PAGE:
Kindness in today’s world

By Shayna Rodeman

Too often in today’s society, it is easy to dismiss or avoid kindness because it is misconceived. It is no longer possible to be nice to people just because you want to show them kindness. There is always an ulterior motive for kindness. If you want to pursue or maintain a relationship with someone, it is assumed you want something from them.

It is possible kindness is even seen as a weakness or a need for approval or acceptance. But there has to be more to kindness than that.

An article by Ilana Simons in Psychology Today addresses this issue by presenting the views of a book called “On Kindness” by psychologist Adam Philips and historian Barbra Taylor.

Philips and Taylor agree with the Freudian principles about the stages of life, asserting that as humans mature, they become aware and develop a need to protect themselves. All of our human desires come from a need to preserve ourselves and claim our position in the world.

There was one phase of development that Freud admitted existed, but placed little emphasis on. After the stage of individuation, meaning comes through collaboration; and meaningful collaboration usually means kindness. It means giving without expecting anything in return.

Many people are afraid of moving on from their defensive nature and into a nature of vulnerability. Nevertheless, Simons maintains that wise people will exchange order with risk to create and collaborate.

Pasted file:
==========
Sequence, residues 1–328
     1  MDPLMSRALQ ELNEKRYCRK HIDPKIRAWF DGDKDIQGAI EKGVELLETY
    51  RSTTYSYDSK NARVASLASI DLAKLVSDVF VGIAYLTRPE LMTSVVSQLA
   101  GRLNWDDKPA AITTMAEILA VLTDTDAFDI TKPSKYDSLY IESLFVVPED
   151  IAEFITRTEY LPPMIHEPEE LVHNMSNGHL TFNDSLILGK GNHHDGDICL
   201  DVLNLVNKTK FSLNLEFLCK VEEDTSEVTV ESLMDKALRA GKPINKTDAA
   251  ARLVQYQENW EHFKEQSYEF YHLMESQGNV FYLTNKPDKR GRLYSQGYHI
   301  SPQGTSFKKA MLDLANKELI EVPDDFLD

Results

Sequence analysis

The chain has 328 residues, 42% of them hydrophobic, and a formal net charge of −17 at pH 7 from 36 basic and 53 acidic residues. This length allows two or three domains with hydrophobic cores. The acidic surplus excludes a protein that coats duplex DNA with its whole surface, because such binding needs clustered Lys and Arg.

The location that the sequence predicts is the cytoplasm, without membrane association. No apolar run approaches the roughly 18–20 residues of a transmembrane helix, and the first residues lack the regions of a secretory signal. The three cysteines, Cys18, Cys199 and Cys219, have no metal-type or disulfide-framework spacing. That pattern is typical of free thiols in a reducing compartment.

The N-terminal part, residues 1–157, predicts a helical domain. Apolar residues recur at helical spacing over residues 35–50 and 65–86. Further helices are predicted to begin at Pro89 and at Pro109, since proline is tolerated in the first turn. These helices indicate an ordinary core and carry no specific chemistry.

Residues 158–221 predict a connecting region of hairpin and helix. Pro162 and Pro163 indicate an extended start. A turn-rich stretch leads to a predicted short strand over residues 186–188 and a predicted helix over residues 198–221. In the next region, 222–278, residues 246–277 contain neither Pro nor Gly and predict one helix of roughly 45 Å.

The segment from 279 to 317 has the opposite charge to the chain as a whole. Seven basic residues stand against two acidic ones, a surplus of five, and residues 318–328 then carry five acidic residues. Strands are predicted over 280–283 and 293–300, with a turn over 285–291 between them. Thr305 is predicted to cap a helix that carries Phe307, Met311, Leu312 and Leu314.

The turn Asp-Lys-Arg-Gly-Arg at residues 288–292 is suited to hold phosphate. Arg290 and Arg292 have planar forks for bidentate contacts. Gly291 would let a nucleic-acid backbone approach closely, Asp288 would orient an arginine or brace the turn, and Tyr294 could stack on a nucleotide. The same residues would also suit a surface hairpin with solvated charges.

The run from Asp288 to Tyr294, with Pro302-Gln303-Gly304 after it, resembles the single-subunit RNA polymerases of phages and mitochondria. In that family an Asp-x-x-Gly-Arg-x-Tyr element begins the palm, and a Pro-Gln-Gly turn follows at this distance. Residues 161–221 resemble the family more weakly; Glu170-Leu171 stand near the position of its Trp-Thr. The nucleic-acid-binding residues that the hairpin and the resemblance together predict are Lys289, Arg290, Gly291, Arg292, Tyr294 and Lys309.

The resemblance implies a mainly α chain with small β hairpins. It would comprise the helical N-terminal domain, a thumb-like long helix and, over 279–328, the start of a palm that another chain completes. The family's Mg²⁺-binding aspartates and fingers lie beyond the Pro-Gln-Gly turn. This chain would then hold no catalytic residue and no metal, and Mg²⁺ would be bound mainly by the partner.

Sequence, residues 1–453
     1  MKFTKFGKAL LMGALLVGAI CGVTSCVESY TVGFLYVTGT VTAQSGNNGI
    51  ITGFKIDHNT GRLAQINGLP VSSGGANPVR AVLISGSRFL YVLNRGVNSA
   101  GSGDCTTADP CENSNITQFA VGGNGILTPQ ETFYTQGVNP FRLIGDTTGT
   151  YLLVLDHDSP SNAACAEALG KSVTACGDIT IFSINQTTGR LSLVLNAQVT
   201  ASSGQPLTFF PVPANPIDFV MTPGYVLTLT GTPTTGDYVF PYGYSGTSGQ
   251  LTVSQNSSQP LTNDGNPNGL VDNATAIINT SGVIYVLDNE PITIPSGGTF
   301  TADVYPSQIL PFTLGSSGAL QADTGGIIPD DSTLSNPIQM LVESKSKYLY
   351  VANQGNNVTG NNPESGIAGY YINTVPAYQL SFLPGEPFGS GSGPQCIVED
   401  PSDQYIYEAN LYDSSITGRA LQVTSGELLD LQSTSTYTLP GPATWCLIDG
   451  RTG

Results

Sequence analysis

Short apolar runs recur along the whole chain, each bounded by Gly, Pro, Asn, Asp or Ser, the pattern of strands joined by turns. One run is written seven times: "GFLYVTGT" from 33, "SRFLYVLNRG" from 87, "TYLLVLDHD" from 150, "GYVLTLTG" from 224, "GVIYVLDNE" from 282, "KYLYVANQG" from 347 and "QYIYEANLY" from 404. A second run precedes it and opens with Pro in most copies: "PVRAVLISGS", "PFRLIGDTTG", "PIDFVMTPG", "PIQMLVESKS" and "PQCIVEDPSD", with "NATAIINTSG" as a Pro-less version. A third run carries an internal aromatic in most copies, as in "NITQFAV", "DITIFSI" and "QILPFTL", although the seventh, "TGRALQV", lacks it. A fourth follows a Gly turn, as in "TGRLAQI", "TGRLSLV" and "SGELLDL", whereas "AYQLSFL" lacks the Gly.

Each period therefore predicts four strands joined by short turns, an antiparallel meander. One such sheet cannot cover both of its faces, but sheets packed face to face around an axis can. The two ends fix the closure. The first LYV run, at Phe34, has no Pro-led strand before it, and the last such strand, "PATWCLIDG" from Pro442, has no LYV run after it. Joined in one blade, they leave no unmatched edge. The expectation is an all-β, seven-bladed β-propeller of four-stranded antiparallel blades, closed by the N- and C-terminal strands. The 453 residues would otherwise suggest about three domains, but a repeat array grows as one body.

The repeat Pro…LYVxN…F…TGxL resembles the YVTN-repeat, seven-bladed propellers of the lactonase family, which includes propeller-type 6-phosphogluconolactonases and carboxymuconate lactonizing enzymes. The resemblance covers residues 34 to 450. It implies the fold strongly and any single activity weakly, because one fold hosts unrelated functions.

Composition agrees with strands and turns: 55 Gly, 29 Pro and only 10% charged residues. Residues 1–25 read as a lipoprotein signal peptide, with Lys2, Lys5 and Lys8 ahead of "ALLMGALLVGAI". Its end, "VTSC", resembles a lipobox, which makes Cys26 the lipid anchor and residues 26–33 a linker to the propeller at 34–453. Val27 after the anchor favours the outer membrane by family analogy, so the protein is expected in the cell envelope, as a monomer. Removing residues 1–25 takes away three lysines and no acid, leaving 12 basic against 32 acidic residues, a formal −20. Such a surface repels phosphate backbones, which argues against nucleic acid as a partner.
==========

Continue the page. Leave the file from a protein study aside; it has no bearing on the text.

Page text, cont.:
In light of this information, the logical conclusion can be made that being kind to people is a result of a higher level of maturity and development. However, there are those who will argue the fact that many people really are nice to people just to get what they want.

The fact of matter is there is no way for a person to know if another person is being nice for selfish reasons or not, but I like to believe that there are more truly nice people out there than we are willing to notice.

Many people avoid being kind out of fear. They will talk themselves out of kindness by saying, “What if I get hurt?” or “I won’t see the effects of my kindness anyway.”

Once we let go of our selfishness, these doubts and hindrances will go away.

Others avoid kindness because of time or money. Such is human nature. We only do when we have time and we only give when we have money.

The sad truth is that if you do not make time, there will never be time. People make time to do the activities they truly want to do. If there is anything you have not done that you keep telling yourself you will do eventually, the only reason you have not done it is because you do not want to. It is as simple as that.

The same goes for money. You could be a millionaire and continue to wait until you have more money to send a check to a non-profit organization.

I encourage you to break the barrier our society has created against kindness. Being kind is not a weakness; it is a strength. You do not have to do insanely bold acts to be someone’s hero. The most heroic acts are often the small acts of kindness that no one takes the time to notice.

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